Bad language – the positive power of reading terrible copywriting

Andrew Boulton is a senior lecturer on copywriting and creative advertising at the University of Lincoln. He’s also a copywriter with over a decade of scribbling experience at top creative agencies in the Midlands and once for a man who carved dolphins out of cheese.

He was nominated for the Professional Publishers Association Award for Business Media Columnist of the Year despite having little or no grasp of the semi colon. You can follow him on Twitter @Boultini.

Your granddad, with his flinty wartime gaze and workman’s fingers as thick as a hipster’s shin, may not believe that copywriting contains its own hazards.

Admittedly, nicking your thumb with an over sharpened HB is not precisely the same as blasting a coalface or scrapping with Hitler. Nevertheless, I should respectfully brawl with any octogenarian who fails to acknowledge the peril in our profession.

For example, one of copywriting’s craggiest downsides is the fact that reading for pleasure becomes a supreme effort. Whereas normal human eyes can drill through pages of text without deviation, most copywriters leave work in a state of attentional impotence, staring at words in the same way an off-duty submarine captain blinks vacantly into his calamari.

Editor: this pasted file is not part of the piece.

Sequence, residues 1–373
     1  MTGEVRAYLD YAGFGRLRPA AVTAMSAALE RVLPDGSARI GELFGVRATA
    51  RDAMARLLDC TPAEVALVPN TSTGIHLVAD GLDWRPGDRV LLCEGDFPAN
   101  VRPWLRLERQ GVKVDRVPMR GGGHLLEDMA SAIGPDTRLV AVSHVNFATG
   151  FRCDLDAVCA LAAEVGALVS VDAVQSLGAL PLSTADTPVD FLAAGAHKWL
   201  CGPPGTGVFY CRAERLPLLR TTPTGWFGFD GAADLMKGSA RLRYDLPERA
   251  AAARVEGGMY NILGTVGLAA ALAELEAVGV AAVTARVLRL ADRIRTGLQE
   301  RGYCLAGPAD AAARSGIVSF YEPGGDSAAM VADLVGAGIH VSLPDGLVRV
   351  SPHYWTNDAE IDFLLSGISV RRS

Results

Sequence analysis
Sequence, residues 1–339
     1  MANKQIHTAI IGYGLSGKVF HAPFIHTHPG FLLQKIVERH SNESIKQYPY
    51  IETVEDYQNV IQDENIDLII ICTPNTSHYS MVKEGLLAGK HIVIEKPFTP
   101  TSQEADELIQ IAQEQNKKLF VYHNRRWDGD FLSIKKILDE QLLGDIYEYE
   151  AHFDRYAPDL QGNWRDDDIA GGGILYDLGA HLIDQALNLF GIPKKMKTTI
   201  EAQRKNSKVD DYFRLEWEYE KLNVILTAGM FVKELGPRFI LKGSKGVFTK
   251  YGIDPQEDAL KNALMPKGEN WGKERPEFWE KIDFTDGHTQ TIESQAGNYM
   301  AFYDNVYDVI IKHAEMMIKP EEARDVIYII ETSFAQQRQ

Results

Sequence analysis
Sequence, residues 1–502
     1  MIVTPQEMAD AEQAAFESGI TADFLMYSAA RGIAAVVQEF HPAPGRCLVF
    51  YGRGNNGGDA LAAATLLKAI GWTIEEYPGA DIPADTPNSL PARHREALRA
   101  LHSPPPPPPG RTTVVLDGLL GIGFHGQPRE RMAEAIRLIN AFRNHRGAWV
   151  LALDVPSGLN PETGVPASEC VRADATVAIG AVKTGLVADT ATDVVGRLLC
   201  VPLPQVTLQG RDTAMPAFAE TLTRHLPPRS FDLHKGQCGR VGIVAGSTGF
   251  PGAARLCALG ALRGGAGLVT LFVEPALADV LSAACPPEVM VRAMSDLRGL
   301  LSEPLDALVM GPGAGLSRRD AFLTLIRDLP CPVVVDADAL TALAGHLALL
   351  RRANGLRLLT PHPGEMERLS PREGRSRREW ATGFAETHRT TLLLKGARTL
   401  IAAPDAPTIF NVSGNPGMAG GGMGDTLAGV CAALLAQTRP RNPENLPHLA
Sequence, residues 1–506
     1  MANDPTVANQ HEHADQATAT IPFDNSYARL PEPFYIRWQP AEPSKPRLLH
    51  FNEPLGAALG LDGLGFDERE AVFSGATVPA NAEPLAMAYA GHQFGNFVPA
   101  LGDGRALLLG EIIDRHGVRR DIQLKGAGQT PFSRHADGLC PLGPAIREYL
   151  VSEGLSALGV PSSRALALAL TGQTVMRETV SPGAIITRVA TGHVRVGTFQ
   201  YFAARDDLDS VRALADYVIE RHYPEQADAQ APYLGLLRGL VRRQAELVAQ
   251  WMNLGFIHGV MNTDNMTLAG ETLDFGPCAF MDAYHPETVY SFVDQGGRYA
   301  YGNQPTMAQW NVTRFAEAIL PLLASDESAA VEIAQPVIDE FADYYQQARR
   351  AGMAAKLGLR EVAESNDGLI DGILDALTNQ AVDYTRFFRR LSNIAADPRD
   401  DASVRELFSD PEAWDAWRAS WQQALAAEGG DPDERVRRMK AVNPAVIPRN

Yet while it is both inconvenient and inappropriate to find yourself reflexively proof-reading an Agatha Christie novel, there are more professionally harmful consequences to such a disorder.

Chief amongst them is that consuming excellent writing, in whatever form, is how a copywriter fattens their blubbery reserves of creativity.

And so many copywriters will force their drifting and treacherous eyes to focus on the best writing they can find – even if it takes us longer to complete a sentence than it would have taken a chicken to type it.

What many of us neglect however is the hidden nourishment within terrible writing, or more specifically terrible copywriting.

Copywriters react to copywriting. If we see something clever and remarkable the temptation to reflect or attain that specific brilliance is an itch most of us have experienced.

And this, properly acknowledged, can be a positive beginning to a brief. After all, the pursuit of any great solution rarely begins by clambering up a mountain when someone has already installed a lift.

Our responsibility, however, is to use this loftier vantage point to find a way to improve, rather than intrude on, something already excellent.

But, reading the worst examples of copywriting in the territory of your brief can be equally stimulating. It isn’t an exercise in sneering or easy superiority. Instead, it’s an opportunity to examine the most lazy, obvious, obscure and self-indulgent types of answer this particular question attracts.

And, as most of us will learn in the gloomy cavity of our own inky coalface, understanding the mistakes is much more motivating than admiring the triumphs.

So shut up granddad, our job is tough too. (But thanks for the freedom and stuff.)

Follow Andrew on Twitter

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